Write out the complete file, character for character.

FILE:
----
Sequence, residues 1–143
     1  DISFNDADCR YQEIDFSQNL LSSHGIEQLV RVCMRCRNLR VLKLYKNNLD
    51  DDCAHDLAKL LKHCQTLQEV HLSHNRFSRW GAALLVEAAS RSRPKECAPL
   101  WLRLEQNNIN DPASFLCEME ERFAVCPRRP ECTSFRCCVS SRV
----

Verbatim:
Sequence, residues 1–143
     1  DISFNDADCR YQEIDFSQNL LSSHGIEQLV RVCMRCRNLR VLKLYKNNLD
    51  DDCAHDLAKL LKHCQTLQEV HLSHNRFSRW GAALLVEAAS RSRPKECAPL
   101  WLRLEQNNIN DPASFLCEME ERFAVCPRRP ECTSFRCCVS SRV